Friday, February 26, 2016

The Process of Sin & The Graciousness of God:

This morning I was reading Genesis 4 and examining the process of sin and the graciousness of our God. Genesis 4 records the famous story of Cain and Abel. You know the one where Cain beats his brother to death. It’s an intense story but also one that anyone who has spent any time in the church should be familiar with. What I noticed about the story this time around was the process of sin in Cain’s mind, heart and actions but also God’s role of offering a way out of temptation during the entire story. Let me further explain.

It is important to note that before Cain ever acted on the evil desires brewing in his heart, God showed up and spoke truth into his life. God’s grace preceded Cain’s sin, offering a way out of the temptation. Genesis 4:6-7, “The LORD said to Cain, “Why are you angry, and why has your face fallen? If you do well, will you not be accepted? And if you do not do well, sin is crouching at the door. Its desire is for you, but you must rule over it.” God encouraged Cain to kill the sinful desire within him before it killed him. I have read this particular Bible story a number of times and have missed the beauty of God’s intervention. God is not indifferent to sin, because God is not indifferent to humanity. Love intervenes. And the intervention in this passage shows us that God cares deeply about each and every act of sin in this world. Every unjust act matters and will be accounted for. No good or evil deed escapes His notice. God’s counsel to Cain was to reject the temptation and to master the sinful desires. Do right by ruling over it! Don’t obey its commands! Like Cain, we are well acquainted with the way these evil desires war against us and lead us to sinful actions. We, too, have ignored God’s counsel on countless occasions. In our sinfulness, we reject that counsel-and so does Cain. Evil desires give birth to evil deeds.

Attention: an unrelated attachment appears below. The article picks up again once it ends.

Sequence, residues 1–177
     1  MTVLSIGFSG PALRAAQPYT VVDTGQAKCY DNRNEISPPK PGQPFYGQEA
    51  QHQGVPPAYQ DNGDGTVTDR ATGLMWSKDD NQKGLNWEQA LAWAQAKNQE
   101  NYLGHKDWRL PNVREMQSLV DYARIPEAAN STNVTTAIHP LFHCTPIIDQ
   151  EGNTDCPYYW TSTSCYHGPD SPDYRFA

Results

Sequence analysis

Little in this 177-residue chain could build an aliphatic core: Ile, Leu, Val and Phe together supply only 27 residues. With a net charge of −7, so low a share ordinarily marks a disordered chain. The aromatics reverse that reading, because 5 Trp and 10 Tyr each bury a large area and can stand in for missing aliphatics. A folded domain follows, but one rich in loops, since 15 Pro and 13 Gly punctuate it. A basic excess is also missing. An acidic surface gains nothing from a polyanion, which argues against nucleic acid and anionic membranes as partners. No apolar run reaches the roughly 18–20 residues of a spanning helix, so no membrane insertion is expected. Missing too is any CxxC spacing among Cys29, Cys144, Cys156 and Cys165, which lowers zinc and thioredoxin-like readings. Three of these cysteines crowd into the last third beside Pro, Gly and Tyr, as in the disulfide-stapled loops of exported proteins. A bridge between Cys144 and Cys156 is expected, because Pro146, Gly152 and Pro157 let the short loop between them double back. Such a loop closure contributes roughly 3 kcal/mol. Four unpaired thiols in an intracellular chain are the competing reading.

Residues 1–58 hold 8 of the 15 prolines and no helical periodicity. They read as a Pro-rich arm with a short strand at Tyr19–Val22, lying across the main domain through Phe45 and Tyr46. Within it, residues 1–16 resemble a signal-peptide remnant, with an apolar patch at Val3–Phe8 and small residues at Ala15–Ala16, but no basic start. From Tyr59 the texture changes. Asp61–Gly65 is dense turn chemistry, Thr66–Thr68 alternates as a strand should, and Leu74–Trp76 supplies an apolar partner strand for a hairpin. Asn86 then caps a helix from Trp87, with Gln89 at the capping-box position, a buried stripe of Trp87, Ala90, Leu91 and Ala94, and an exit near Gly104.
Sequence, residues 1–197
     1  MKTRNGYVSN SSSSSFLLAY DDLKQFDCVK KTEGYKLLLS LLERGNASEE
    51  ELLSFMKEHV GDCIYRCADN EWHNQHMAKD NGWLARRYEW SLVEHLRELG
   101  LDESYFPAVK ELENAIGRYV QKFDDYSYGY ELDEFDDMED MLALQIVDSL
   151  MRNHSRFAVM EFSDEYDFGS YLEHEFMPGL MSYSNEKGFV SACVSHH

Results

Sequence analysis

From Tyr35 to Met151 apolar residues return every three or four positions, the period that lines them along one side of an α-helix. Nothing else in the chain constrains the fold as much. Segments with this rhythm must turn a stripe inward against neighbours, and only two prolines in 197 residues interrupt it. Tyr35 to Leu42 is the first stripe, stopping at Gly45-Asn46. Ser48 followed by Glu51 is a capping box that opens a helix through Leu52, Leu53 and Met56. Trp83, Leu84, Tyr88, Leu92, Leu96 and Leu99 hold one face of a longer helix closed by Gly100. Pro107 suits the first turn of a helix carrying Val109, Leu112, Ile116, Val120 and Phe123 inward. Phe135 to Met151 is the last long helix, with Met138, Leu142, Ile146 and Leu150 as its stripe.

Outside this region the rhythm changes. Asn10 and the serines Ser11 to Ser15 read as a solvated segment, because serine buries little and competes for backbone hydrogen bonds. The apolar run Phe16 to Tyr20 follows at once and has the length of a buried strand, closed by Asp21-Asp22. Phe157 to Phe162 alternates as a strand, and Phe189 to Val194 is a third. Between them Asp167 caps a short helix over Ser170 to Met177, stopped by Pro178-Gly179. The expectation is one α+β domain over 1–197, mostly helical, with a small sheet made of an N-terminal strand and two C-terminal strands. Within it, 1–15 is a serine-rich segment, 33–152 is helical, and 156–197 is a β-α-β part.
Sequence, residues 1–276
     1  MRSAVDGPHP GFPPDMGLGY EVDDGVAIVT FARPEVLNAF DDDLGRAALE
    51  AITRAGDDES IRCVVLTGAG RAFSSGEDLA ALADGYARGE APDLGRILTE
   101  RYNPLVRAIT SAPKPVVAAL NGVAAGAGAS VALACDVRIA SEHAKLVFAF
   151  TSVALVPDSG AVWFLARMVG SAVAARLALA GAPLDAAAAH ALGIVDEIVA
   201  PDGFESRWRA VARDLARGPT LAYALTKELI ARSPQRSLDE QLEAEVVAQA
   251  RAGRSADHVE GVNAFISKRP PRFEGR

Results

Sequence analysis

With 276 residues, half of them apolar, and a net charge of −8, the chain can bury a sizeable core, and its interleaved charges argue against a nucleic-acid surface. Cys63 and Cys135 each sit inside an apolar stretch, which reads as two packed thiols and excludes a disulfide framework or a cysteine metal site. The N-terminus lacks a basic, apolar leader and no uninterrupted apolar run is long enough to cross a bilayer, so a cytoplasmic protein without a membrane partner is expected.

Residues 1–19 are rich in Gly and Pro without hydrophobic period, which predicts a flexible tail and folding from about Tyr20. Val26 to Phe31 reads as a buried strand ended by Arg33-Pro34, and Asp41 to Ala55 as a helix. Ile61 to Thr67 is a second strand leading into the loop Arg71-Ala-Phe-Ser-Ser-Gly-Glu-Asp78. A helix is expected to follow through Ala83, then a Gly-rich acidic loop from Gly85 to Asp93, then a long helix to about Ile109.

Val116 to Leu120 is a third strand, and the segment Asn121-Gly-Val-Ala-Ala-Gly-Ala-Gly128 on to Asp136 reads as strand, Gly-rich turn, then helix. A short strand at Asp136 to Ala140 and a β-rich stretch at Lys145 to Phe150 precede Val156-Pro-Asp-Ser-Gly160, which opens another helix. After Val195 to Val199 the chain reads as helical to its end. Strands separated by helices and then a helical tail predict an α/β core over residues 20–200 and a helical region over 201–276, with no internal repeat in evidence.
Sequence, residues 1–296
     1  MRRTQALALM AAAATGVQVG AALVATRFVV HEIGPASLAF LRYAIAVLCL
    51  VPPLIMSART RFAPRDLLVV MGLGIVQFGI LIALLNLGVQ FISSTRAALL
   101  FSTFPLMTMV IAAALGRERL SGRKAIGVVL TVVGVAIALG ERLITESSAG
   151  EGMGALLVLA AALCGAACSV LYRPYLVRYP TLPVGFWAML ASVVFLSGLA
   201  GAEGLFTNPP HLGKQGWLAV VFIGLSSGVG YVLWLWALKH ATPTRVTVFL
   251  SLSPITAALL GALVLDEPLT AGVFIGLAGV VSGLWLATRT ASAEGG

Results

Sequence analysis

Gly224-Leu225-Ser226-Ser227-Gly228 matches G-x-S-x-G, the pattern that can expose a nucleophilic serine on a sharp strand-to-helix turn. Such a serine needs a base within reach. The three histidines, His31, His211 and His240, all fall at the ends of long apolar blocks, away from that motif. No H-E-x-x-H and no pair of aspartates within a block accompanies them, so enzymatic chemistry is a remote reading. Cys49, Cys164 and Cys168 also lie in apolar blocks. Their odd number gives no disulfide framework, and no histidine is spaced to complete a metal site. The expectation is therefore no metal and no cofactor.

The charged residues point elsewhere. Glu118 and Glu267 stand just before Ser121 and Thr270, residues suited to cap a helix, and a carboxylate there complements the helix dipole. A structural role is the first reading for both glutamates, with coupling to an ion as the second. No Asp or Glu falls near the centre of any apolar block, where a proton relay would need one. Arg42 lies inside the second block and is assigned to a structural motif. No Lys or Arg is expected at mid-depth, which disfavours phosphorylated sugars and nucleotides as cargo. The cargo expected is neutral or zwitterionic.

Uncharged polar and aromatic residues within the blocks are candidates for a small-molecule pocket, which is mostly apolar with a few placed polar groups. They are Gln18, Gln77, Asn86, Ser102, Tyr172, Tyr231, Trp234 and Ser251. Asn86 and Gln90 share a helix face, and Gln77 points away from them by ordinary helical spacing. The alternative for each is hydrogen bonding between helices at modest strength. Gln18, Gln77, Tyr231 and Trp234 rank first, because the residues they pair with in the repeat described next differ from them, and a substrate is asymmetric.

Cain heard God’s counsel to flee sin’s temptation, but he didn’t heed it. Genesis 4:8, “Cain spoke to Abel his brother. And when they were in the field, Cain rose up against his brother Abel and killed him.” Cain committed the act he had contemplated, and he shed the blood of his innocent brother. Sin begins with evil desires and then ends with evil actions toward others, actions that deserve God’s condemnation.

But notice what happens next. Just as God came to counsel Cain before the sin, He comes to talk with him after the sin. Genesis 4:9-10, “Then the LORD said to Cain, Where is Abel your brother? He said, I do not know; am I my brother’s keeper? And the LORD said, “What have you done? The voice of your brother’s blood is crying to me from the ground.” God knew exactly where Abel was. His question was not offered in order to discover information, but as an invitation for Cain to respond with repentance. The same is true with us. Whenever we sin, God doesn’t first come with fierce accusations, but with a gentle invitation to repent. In the moment of temptation, God calls us to resist sin, and in the moment of sin, God gives us the opportunity to repent and turn back to Him.

In conclusion, there’s nothing in the passage that indicates Cain ever repented of his sin and received salvation. But everything in this passage points to a God who, in love, withheld the full extent of His just judgment toward Cain, at least for a time. God treated Cain better than he deserved. The God who shows mercy is the God who will keep His promises. God promised a son to Eve who would crush the serpent’s head. With Cain in rebellion and Abel dead, the situation seemed dire. But God gave Adam and Eve another son named Seth. And through the lineage of Seth, four thousand years later, the promised Son of Eve would be born. And at the cross, blood would be shed once again, but this time the blood of the promised Son would not just be shed by sin; the blood would be shed for sin.

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